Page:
By feeding livestock and farmed salmon agricultural waste and other food-system by-products to humans and livestock, we can increase the amount of food that is available without needing more land.
Matti Kummu, a professor at Aalto University, Finland, says that the projected human population will reach 9.7 billion people by 2050. This means producing more food on less land is essential to reduce the impact of the global food supply system. More than 20% of fish caught or farmed are used as feed for livestock and other fish.
Kummu says that we could use these resources for humans instead of recirculating them through animals. It’s an inefficient method of food production.
Kummu, along with his colleagues, wanted to find out how much more food people could have by feeding animals and fish by-products from the food system. These include grain leftover from beer brewing, blood meal from meat processing, and plant material that was left after harvest. The researchers analyzed data from around the world on agricultural outputs, usage, and nutritional requirements for livestock and farmed salmon to find out.
Please read more about Four big industries driving the exploitation and exploitation of our oceans.
Around 15 percent of the grains, fish, and other food currently given to livestock or farmed fish could be used for human consumption. Farmers use this high-quality feed because it consistently leads to optimal growth of animals, according to Hannah van Zanten from Wageningen University.
Researchers found that food by-products could replace around 12 percent of the high-quality feed without impacting productivity. The researchers found that crop remnants could return up to 27 percent of high-quality animal feed. However, because they are less nutritious, such as corn stalks rather than corn kernels, it could result in a reduction of beef and dairy production of as much as 80 percent. Van Zanten says, “It would be like eating lettuce every day.”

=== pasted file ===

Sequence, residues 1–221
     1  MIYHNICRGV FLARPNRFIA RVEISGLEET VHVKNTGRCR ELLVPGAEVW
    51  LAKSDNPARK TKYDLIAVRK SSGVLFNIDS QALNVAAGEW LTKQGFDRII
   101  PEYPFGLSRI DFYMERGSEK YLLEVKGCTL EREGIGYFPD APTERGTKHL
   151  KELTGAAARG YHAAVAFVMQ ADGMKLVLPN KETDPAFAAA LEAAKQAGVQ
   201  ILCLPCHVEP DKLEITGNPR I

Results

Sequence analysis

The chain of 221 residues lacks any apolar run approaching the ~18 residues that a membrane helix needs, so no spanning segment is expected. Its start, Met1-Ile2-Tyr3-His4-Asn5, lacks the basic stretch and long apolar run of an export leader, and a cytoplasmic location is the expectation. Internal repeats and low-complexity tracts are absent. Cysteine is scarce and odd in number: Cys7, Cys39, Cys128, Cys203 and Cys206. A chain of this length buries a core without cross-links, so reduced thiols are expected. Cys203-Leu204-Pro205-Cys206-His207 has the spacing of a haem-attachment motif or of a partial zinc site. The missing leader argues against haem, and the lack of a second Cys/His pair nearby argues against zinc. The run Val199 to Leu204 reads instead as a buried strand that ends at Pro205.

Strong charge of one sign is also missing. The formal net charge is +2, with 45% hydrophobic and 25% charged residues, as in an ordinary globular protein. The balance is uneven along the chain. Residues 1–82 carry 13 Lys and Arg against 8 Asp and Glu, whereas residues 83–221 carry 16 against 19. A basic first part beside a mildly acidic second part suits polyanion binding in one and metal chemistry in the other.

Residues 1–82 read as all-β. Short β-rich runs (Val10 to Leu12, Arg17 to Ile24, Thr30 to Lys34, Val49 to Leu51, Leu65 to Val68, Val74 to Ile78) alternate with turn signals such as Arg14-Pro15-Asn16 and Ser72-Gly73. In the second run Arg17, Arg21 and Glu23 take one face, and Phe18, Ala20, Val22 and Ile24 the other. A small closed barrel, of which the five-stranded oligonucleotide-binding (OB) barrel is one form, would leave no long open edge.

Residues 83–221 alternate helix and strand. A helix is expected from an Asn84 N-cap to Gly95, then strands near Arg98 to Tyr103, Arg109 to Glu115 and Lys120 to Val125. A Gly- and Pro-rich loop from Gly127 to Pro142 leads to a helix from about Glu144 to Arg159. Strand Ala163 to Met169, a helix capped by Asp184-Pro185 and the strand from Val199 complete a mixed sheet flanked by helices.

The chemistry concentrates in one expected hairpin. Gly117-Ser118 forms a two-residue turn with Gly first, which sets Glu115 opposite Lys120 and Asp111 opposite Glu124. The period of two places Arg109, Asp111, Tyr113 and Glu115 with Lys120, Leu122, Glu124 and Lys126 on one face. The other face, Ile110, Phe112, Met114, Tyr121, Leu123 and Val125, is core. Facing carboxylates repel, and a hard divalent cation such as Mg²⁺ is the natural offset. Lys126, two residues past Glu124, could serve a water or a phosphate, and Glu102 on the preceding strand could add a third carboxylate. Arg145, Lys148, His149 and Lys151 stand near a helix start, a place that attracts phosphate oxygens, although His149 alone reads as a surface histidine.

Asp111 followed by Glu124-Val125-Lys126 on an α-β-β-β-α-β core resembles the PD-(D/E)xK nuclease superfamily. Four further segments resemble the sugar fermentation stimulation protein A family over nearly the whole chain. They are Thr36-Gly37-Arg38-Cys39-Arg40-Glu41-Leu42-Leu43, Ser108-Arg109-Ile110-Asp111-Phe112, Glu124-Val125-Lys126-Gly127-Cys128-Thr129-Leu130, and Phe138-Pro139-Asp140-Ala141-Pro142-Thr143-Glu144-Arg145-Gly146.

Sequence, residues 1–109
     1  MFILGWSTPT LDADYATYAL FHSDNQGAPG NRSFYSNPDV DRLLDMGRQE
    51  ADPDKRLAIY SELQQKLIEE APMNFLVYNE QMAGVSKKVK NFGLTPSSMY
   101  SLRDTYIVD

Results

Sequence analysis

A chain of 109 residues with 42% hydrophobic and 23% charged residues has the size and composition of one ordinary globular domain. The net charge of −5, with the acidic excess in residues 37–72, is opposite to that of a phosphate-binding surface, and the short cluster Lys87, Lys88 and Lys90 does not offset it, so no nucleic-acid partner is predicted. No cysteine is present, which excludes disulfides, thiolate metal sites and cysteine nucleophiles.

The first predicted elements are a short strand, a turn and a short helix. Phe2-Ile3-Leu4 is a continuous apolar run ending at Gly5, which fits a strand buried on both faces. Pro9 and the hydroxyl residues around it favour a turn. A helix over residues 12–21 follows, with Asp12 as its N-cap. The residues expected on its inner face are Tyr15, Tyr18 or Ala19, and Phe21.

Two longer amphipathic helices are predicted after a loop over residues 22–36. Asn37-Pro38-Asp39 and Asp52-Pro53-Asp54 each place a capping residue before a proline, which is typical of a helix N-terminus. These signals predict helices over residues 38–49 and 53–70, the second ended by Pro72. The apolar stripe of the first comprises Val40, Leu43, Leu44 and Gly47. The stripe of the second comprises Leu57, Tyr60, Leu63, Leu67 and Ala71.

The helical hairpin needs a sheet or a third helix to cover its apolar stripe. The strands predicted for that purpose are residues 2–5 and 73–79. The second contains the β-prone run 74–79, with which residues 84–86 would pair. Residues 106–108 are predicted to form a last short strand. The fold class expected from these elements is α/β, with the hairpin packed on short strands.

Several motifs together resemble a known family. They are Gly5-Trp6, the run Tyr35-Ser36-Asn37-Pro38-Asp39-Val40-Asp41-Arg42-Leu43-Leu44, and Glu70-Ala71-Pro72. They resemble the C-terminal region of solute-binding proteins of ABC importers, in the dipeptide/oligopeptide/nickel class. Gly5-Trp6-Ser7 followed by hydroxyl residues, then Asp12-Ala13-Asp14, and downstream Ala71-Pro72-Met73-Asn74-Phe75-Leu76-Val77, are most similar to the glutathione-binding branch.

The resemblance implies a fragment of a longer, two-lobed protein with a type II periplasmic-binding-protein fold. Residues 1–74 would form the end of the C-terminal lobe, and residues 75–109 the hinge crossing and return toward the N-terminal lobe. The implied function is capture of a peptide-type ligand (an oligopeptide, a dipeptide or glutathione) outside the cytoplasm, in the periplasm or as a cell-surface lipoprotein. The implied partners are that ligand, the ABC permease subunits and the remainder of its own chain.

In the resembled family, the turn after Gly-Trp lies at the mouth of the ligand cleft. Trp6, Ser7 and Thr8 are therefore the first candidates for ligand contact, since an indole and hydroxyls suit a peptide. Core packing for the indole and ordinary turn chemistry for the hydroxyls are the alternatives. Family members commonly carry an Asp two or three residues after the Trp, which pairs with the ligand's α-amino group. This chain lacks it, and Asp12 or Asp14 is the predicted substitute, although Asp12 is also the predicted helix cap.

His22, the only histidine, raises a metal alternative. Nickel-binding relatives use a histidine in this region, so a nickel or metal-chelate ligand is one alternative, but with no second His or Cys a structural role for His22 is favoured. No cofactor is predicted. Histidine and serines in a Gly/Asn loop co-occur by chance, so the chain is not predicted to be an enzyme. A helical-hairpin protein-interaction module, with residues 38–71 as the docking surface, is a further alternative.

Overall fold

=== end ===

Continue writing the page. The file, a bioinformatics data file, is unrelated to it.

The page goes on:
The first scenario, without farming additional land, would increase the total number of calories for human consumption, and specifically the amount of proteins, by approximately 6 percent. Even with reduced beef production, replacing 27 percent of high-quality animal feed would increase calories available by roughly 13 percent and protein by about 15 cents.
Van Zanten, who was not involved in the project, says that this is a good solution. However, he thinks it would even be better if farm animals were not fed food suitable for humans.
She says eating less meat could also reduce the amount of animal food we produce. She says that feeding livestock waste food can replace more animal feed. However, food safety and concerns about animal welfare must be considered. It is also difficult to predict the impact of these diet changes on productivity for livestock raised with optimal feed.